10-Place Herringbone Dining Table - Margaret Goebel

The lumber was purchased at Habitat ReStore in Indian River, Florida.  It is 69 year old cypress.  The boards were a full 1” thick not like the ¾” you buy today.  My daughter had been asking for a table (actually two) for her new house so I went to work.

We after much discussion we ended up with a herringbone pattern and we used the non-weathered side.  We picked that side of the wood because of the pattern and the amount of sanding needed to get a fairly smooth finish.

The table length needed to be 10 feet with a width of approximately 42 inches.  We wanted the table to be long enough to seat 5 people along the side and 2 each ends.

To start I cut 4 boards longer than the width on the short side.  I biscuit jointed them on 2 sides, glued and squared them up.  I kept adding 2 boards at a time the same way each day until I was done.  The end boards of course are shorter.  I used a belt sander to level out the top.  Many of the boards had a heavy crown that needed to be smoothed out.  I did not take it all the way down but left a lot of the saw marks.  I then proceeded to mark the lines and then cut the “wings” off the table.  I flipped the table over and added a 4 1/2 “ skirt from ripped down cypress.  Flipping the table back over I added a 1” trim to the edge again ripped down from a piece of the cypress.  I put 2 this oats of varnish on both sides to seal the wood sanding between coats.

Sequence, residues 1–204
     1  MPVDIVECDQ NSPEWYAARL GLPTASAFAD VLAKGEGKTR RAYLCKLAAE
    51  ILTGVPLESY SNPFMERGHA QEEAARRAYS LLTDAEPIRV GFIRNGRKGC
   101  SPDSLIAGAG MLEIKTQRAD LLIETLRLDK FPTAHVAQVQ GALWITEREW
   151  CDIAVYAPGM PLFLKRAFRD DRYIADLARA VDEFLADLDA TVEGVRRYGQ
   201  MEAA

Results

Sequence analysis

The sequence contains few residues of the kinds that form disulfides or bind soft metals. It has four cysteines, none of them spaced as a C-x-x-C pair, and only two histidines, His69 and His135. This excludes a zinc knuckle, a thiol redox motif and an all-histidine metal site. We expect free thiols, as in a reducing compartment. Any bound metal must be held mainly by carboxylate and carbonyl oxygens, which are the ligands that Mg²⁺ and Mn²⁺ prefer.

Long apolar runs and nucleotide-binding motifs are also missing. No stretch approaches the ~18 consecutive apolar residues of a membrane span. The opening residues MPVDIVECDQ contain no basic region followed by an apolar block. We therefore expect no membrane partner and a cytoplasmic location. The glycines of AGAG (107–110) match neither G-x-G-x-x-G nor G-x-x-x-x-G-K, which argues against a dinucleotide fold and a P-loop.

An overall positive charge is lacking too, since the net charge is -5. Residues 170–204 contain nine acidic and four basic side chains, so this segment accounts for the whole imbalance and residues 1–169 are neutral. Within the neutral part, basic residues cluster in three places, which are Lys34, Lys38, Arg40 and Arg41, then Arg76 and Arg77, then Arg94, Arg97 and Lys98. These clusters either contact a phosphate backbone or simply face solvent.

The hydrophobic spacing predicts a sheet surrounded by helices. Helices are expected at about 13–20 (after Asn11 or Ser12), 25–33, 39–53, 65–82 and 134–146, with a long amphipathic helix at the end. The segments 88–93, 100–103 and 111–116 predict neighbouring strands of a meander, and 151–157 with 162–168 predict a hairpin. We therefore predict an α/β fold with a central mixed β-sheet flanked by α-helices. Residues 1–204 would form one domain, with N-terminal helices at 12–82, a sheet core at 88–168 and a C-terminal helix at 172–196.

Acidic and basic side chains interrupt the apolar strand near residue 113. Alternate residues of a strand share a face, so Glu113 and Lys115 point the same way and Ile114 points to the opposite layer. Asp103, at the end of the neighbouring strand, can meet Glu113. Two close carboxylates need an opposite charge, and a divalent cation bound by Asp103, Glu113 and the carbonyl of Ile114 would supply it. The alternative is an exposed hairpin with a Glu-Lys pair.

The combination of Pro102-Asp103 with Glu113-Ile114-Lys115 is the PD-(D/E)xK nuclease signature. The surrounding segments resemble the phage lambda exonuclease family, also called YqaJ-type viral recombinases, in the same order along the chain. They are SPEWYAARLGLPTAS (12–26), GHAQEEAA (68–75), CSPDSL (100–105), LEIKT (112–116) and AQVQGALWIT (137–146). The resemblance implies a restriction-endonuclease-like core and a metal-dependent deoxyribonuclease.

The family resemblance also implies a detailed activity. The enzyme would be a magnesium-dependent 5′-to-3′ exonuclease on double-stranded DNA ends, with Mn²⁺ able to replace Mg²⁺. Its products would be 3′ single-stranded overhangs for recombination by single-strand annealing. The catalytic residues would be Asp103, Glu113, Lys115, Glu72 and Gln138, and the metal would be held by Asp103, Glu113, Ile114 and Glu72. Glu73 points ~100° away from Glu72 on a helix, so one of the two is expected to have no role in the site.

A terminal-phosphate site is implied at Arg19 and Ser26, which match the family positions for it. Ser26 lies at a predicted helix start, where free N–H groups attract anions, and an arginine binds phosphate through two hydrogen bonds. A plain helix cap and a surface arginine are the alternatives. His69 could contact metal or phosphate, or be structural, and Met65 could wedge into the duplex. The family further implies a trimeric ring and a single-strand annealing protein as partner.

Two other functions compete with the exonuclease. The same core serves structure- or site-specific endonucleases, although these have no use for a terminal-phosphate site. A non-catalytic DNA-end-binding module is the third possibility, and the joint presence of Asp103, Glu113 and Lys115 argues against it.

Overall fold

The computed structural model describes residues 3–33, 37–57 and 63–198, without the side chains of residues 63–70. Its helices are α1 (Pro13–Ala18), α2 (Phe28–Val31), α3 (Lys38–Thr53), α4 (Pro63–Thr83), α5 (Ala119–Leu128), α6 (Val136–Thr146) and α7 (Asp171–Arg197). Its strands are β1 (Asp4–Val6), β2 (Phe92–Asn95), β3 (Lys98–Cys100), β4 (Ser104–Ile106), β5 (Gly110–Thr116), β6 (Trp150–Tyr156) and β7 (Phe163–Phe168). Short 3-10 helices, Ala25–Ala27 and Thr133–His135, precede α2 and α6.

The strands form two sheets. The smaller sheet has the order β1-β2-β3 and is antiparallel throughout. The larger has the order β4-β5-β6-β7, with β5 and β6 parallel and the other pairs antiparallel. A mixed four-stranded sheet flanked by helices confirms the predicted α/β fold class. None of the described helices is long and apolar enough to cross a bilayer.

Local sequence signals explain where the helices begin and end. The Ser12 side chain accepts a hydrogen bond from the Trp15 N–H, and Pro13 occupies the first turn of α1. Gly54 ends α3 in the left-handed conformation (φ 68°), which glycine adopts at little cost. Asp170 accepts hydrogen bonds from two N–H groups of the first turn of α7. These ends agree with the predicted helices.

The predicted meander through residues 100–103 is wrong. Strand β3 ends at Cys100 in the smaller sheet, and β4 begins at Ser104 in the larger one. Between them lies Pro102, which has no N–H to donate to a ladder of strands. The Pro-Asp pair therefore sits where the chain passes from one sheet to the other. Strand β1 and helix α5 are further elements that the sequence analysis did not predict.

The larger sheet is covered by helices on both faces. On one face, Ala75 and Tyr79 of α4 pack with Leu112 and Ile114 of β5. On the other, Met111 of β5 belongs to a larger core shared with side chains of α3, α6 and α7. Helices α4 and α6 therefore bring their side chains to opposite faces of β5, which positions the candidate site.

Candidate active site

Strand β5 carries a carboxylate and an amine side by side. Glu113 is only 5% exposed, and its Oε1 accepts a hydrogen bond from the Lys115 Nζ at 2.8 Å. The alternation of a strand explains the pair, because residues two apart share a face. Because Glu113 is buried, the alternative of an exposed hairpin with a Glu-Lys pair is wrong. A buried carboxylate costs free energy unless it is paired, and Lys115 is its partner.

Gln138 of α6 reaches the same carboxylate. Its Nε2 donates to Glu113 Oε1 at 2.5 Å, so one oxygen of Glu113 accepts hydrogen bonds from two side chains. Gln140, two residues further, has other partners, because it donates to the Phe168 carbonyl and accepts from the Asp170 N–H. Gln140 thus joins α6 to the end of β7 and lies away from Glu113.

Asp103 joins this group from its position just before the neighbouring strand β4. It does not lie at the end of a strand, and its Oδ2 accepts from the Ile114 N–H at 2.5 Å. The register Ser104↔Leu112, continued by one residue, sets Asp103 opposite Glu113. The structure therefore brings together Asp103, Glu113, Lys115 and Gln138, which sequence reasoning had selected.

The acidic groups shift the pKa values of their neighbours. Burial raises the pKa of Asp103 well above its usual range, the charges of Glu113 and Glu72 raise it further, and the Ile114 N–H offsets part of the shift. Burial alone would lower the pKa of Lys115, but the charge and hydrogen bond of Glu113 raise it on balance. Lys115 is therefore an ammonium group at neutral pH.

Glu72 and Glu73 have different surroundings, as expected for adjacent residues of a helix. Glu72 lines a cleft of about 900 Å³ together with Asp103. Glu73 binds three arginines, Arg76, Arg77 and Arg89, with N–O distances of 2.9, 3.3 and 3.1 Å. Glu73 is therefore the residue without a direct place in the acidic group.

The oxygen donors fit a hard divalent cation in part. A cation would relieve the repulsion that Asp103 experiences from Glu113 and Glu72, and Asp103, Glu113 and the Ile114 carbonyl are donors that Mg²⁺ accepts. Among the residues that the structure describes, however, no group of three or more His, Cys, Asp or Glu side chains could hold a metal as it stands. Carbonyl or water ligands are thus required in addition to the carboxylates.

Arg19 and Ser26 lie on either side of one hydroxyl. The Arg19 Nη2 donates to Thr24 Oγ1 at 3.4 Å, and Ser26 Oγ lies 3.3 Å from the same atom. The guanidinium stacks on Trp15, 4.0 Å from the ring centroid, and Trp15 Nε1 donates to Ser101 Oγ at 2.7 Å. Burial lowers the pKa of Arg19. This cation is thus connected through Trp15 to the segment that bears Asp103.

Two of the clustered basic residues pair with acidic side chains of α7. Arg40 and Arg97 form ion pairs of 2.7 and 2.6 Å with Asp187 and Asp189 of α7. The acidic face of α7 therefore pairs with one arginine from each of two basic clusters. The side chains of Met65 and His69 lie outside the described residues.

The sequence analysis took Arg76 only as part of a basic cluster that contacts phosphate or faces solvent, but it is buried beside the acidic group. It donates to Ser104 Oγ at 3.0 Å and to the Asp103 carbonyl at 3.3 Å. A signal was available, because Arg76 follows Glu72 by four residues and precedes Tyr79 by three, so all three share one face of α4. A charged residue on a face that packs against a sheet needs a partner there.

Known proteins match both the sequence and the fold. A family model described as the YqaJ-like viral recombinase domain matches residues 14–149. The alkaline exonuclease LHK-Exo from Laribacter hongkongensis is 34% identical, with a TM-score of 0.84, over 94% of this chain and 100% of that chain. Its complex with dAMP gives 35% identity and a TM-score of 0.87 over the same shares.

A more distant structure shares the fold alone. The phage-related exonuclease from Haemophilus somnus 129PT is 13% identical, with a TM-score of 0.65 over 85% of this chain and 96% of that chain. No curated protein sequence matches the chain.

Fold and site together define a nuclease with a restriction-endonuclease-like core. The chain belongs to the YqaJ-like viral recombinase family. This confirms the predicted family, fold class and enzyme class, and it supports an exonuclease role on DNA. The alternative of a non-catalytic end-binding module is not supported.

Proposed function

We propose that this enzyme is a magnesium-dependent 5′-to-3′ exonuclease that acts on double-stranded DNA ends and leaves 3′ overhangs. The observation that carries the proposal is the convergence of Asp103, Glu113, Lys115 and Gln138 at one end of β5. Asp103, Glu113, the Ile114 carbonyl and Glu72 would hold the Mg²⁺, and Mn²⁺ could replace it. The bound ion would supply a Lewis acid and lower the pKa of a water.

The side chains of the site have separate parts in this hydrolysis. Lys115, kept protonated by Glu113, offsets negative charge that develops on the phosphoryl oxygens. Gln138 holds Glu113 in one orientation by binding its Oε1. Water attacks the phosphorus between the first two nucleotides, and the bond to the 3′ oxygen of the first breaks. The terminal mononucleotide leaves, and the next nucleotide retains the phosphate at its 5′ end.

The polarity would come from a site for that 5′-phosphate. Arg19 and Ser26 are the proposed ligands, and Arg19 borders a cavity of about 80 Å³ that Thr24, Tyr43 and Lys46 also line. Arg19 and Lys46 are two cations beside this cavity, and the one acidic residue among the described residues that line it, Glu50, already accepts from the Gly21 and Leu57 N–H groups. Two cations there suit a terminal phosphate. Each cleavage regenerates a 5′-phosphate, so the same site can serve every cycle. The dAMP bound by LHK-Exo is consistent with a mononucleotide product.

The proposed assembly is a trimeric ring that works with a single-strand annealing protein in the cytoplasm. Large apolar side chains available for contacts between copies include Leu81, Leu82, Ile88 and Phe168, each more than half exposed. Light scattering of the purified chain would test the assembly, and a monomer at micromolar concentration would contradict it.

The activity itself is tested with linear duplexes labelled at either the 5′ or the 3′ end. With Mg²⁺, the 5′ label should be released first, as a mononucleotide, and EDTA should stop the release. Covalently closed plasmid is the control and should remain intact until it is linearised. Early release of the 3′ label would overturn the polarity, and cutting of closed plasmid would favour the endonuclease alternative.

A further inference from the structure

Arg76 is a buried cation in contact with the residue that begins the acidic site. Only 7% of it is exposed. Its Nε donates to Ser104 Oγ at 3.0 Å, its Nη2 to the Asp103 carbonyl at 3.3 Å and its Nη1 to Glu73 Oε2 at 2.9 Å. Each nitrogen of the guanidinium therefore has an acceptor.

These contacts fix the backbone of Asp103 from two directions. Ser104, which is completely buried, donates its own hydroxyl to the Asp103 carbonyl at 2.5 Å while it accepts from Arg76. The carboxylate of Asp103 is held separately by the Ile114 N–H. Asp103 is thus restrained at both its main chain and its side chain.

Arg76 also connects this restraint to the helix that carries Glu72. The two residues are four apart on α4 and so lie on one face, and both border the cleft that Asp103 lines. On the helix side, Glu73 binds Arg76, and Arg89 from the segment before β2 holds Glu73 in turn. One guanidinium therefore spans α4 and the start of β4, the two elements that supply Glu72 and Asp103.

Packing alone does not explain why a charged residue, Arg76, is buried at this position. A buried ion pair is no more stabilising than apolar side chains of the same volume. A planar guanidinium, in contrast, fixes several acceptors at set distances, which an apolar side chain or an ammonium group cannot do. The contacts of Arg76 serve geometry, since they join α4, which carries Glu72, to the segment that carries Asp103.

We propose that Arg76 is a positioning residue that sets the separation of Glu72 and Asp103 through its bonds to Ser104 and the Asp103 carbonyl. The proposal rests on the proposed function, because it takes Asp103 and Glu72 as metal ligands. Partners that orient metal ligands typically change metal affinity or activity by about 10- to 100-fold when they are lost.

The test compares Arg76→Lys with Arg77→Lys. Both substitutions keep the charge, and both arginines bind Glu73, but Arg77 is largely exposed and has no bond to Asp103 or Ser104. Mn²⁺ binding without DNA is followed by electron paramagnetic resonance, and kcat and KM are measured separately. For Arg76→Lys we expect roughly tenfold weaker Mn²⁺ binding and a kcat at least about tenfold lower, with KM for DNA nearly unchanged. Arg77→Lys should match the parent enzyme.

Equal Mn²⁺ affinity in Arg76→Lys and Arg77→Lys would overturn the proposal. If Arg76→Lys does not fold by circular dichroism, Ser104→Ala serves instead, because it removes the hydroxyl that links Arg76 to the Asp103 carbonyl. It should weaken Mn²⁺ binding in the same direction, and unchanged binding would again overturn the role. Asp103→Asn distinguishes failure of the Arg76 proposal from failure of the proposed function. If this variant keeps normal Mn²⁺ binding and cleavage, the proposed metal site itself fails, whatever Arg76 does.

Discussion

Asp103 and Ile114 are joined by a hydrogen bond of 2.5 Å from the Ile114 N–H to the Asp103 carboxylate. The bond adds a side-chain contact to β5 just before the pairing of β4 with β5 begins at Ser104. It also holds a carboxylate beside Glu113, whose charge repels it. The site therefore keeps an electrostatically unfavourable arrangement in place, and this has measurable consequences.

I stopped there and built the legs.  The legs were made to look like black metal.  They are made of 3 layers of ¾” plywood glued together.  I cut to the designed pattern then glued ¼” finish wood along the edges.  Using a router I rounded all the edges, filled the cracks with putty, sanded and spray painted them.   The frame was built with cypress and oak then the whole thing was assembled.

 

As I stated above I put a couple of thin coats on the table to seal it.  At this point used clear caulk to fill all the holes and cracks..  I then proceeded to varnish the top.  I used a roller and put 4-5 coats of varnish sanding between coats.  I used steel wool on the last coat then waxed it for s smooth finish.

Materials:

12 -  1x9 boards
2 – 1x3 boards
Glue
1 ½ gallons Spar varnish
120 Biscuits
20 Screws
2 Cans metallic black spray paint

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